“In the back,” the man said, before she could finish.

“But you don’t even know what I — ,”

“Sure I do,” the guard interrupted again, his words muffled by the Louis L’Amour paperback that hid half his face like an outlaw bandana. “Same as everybody else.” He looked up and pointed a fat finger past the gate. “She’s at the end of this row. Just around the corner.” He resumed reading, officially ending the conversation.

“Thank you very much,” Loraine said without a hint of irritation. She called back to her husband. “This way, Donald.” After a few steps, she stopped and allowed him to catch up. “Well, he was nice . . .”

Read the full story at Reedsy.

How I Use Workflowy to Outline and Brainstorm Short Stories
Writing Tools

How I Use Workflowy to Outline and Brainstorm Short Stories

I’m not a linear thinker. My brain is more like a grocery cart with a wobbly wheel. It goes where it wants. So, when I write I use different tools to help collect my thoughts. Sometimes I use Airtable to organize all those abstract elements in my stories.

But sometimes, I need to see the big picture all at once. I need to think in up-and-down lines that collapse and expand. I want structure and organization. Enter Workflowy. I’m using it right now to keep myself from wasting your time while my shopping cart meanders toward the ice cream aisle. (As if that’s the cart’s fault.)

There are two basic ways I use Workflowy for creative writing.

Read the full article at The Writing Cooperative.

Burning the Midnight Oil
Short Stories

Burning the Midnight Oil

This was a contest entry where the entire story is from the villain’s point of view. This is darker than other stories I’ve written. Readers beware.

The man lifted the bottle to his lips, but all he drank was disappointment. It was full when he brought it home. So was the light in the front window. Now, he held an empty bottle and looked out at the darkness.

His bones ached. The day was done, but the toll it took on his body lasted all night. The air around him reeked, a fetid stench of struggle and futility. Nothing stunk like a man’s sweat mixed with dirt he didn’t own. That’s how he knew he wasn’t drunk enough. He could still smell himself over the whiskey . . .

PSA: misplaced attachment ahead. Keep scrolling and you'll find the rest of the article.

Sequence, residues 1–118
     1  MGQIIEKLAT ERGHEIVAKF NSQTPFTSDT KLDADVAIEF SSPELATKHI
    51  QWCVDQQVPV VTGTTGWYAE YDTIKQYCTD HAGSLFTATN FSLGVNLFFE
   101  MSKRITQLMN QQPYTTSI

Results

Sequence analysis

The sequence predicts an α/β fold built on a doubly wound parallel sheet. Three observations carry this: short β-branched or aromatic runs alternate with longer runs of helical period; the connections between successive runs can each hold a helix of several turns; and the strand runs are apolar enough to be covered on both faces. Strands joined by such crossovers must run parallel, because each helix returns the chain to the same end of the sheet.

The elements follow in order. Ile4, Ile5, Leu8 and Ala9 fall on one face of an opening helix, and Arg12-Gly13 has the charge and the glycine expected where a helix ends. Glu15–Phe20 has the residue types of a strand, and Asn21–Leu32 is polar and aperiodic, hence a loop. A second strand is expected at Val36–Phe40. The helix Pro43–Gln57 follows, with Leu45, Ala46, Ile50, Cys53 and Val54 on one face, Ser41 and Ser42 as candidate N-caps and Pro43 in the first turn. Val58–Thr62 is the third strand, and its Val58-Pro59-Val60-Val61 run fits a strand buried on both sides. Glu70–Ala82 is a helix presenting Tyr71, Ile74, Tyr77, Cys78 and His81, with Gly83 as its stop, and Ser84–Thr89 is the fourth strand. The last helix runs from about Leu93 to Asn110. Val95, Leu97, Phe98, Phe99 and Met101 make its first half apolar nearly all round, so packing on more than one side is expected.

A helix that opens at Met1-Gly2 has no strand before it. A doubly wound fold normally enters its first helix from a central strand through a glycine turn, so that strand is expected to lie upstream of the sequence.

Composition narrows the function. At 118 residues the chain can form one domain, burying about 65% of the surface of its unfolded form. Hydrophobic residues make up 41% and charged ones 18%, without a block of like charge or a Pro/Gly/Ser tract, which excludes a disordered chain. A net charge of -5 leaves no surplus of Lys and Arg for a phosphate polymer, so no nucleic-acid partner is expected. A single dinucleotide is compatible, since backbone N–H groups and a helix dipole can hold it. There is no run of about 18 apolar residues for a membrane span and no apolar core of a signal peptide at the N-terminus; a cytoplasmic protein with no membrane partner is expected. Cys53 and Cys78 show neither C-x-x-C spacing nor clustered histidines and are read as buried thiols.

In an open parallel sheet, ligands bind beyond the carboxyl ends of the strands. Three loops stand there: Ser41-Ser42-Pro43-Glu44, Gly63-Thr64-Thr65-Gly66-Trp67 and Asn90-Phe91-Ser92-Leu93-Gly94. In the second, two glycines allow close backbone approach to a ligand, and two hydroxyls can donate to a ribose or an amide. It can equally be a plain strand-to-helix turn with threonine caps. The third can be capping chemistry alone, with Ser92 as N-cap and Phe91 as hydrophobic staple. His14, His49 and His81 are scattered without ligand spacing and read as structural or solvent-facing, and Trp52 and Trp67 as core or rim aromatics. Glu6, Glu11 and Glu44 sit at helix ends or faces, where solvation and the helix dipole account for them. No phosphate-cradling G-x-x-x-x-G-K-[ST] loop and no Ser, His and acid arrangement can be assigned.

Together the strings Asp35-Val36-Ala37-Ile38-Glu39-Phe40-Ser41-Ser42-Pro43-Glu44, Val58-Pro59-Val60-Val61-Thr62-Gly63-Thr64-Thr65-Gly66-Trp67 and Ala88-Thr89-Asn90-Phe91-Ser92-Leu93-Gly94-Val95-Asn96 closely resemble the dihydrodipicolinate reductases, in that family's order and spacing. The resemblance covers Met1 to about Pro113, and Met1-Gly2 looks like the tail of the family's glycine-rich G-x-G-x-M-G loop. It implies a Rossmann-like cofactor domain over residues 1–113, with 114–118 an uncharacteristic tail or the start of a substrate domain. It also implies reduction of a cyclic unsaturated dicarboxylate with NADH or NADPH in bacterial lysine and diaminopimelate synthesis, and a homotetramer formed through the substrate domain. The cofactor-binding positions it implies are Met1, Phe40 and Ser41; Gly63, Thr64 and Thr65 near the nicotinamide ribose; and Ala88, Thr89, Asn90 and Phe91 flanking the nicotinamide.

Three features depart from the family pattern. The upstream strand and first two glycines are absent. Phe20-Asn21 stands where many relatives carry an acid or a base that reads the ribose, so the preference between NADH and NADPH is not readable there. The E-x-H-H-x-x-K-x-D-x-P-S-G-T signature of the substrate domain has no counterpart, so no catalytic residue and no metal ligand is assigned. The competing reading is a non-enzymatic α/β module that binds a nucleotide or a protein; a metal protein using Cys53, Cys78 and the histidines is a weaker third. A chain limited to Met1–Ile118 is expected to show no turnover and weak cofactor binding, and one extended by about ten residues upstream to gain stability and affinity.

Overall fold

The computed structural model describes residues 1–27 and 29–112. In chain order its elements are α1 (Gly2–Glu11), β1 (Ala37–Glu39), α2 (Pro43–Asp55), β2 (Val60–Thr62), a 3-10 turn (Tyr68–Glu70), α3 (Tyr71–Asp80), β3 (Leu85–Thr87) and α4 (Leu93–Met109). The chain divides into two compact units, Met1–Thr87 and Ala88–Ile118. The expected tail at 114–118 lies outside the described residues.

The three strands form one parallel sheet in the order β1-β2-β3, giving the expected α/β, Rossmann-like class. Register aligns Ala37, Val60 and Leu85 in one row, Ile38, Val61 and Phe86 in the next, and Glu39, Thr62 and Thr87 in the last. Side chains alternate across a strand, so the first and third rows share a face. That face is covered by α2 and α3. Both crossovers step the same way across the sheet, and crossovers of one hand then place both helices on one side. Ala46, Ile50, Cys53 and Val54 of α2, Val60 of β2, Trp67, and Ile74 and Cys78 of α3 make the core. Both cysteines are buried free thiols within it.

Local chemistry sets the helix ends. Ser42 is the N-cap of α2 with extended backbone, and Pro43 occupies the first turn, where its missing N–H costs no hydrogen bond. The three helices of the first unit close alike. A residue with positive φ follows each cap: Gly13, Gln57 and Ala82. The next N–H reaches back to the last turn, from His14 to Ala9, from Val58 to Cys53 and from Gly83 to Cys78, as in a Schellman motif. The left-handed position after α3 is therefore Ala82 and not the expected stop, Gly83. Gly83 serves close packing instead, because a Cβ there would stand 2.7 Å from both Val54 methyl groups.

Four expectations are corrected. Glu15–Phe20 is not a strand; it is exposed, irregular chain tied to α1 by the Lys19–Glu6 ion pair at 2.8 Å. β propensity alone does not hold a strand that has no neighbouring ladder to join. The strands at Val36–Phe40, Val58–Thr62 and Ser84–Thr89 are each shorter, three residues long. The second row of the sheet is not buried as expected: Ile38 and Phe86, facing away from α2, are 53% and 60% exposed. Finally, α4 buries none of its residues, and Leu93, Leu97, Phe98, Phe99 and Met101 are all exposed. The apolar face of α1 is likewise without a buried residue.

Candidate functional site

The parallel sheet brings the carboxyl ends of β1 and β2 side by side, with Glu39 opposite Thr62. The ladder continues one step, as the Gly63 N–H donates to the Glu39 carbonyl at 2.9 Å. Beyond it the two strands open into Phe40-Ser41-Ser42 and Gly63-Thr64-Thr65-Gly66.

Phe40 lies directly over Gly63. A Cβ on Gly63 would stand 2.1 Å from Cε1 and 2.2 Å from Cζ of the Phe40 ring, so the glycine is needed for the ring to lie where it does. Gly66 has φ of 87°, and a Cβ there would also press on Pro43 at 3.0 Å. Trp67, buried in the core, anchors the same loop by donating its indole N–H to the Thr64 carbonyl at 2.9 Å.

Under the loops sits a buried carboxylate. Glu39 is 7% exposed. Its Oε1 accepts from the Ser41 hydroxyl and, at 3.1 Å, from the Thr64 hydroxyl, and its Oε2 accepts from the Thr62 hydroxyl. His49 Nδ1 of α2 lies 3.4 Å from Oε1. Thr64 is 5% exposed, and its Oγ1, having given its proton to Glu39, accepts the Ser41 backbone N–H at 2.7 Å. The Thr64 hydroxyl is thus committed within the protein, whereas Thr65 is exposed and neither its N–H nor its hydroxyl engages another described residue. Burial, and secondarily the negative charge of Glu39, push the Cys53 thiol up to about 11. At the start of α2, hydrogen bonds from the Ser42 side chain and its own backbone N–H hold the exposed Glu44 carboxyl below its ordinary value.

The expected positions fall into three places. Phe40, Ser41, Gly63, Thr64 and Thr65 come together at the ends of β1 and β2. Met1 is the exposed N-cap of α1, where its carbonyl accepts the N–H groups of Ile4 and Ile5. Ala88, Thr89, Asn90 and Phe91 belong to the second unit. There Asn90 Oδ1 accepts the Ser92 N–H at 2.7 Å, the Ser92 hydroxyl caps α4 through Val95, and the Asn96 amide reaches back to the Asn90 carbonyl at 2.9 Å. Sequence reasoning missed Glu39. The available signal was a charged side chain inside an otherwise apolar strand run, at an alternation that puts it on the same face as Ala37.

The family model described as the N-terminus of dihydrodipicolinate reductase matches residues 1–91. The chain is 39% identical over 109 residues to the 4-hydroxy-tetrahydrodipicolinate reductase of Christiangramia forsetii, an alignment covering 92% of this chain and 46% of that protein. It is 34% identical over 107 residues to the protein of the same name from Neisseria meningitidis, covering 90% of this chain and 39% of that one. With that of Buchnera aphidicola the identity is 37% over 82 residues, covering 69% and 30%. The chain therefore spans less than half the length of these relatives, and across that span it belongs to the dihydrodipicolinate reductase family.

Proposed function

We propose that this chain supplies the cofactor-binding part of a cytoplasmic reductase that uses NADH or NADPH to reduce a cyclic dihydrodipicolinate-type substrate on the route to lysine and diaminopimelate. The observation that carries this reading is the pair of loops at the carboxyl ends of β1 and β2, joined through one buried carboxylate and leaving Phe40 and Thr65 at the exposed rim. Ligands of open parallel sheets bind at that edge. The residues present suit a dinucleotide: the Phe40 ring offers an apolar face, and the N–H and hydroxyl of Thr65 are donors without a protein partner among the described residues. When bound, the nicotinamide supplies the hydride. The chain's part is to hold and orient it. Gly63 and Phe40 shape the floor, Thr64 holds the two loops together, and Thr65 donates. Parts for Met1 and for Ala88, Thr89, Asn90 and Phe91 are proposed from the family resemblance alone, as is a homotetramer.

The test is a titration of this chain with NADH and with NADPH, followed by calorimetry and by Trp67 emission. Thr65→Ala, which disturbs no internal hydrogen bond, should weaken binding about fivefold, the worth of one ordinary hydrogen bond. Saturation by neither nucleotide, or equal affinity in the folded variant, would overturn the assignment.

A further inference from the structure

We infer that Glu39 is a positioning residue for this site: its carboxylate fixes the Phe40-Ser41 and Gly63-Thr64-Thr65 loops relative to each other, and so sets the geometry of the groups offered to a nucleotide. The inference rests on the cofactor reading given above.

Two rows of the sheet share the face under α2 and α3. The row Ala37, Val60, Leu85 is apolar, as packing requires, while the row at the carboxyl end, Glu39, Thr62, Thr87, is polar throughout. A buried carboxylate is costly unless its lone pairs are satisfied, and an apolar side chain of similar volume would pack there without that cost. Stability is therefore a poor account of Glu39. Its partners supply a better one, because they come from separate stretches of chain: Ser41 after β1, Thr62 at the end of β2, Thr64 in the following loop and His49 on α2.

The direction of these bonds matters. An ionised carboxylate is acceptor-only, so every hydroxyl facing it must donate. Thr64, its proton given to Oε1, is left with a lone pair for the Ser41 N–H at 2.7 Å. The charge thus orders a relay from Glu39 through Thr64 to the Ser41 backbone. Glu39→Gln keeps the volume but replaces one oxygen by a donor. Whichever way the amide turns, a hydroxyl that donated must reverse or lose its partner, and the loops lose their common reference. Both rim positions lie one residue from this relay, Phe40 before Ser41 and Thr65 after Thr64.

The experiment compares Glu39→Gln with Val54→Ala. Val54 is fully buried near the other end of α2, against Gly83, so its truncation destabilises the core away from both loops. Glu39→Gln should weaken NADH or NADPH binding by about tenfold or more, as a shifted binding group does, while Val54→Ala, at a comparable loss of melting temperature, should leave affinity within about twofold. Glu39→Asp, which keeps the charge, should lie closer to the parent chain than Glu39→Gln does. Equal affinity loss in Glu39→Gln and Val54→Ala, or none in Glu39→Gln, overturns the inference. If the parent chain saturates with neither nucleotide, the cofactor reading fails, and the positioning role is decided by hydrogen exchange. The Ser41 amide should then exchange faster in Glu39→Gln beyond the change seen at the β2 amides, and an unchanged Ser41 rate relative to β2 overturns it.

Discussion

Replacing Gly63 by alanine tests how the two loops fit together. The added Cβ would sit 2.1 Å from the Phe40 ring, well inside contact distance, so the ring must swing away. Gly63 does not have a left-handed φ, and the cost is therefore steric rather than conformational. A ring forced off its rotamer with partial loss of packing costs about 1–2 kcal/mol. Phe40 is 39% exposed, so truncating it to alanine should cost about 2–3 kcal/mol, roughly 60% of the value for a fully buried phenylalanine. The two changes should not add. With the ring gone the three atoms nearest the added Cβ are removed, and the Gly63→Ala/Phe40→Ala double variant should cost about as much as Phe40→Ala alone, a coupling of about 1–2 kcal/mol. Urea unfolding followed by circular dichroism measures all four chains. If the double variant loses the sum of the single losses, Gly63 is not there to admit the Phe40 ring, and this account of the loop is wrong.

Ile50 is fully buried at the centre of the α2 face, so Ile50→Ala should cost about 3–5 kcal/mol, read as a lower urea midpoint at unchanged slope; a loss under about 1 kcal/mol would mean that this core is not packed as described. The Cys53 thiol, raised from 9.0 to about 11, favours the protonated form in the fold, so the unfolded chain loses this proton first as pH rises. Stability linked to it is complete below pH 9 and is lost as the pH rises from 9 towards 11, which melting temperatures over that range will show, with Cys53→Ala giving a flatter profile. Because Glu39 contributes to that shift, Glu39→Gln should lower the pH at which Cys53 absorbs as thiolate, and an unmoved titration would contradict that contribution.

Read the whole story at The Creative Cafe.

How To Read A Book (Of Fiction), According to Mortimer J. Adler
Writing Tools

How To Read A Book (Of Fiction), According to Mortimer J. Adler

I love to read literature, but I don’t always understand it. How many times have I sat down with a dusty classic and a hot cup of optimism only for the cup to grow cold by chapter three? Sure, I get it at some level. Characters, plot, symbolism. Even a blind squirrel finds a metaphorical nut from time to time. But if you catch me reading Faulkner or Dostoyevsky, expect to see a copy of SparkNotes nearby.

I also love to write literature. Call me cynical, but that seems problematic. If I can’t understand it, how on earth can I expect to write it? Maybe that’s why so many accomplished writers insist on a habit of constant reading. Could it be that before I learn how to write a book I should learn how to read a book?

Read the full article at The Writing Cooperative.

Altar Ego
Short Stories

Altar Ego

Behind every joke a preacher tells is a story he’s trying to forget. This is that story.


“So you’re not going to tell her?” Bentley asked.

Vernon studied himself in the mirror, tilting his head from side to side. “Bentley,” he said. “I’m tired of talking. I mean to do it this time.” He looked away from the mirror and into the eyes of his co-conspirator. A thick index finger emphasized his point. “And she can’t stop me.”

Bentley sighed. “Okay. When?”

“First thing Friday morning, when she leaves for her sister’s house. My appointment is at ten.”

“How long will she be gone?”

“Till sometime on Tuesday, plenty of time.”

“And you’re sure you want to go through with this?” Bentley asked, not for the first time. “Is it really necessary?”

Without answering, Reverend Vernon Vanderwalker returned his attention to the mirror. Not bad for fifty-four. Sure, he was a little beefy around the edges. But that wasn’t what bothered him. His biggest problem, the proverbial thorn in his side, was the desolate plain where his hair once dwelled. Maybe it was from age or stress. Maybe it was a tragic case of heredity. Regardless, Vernon’s head was both naked and ashamed. He thought of the Old Testament and how the sins of the fathers visited themselves upon the future generations and wondered. What kind of mess did my Daddy get himself into?

“It’s necessary,” he said.

Read the whole story at Lit Up.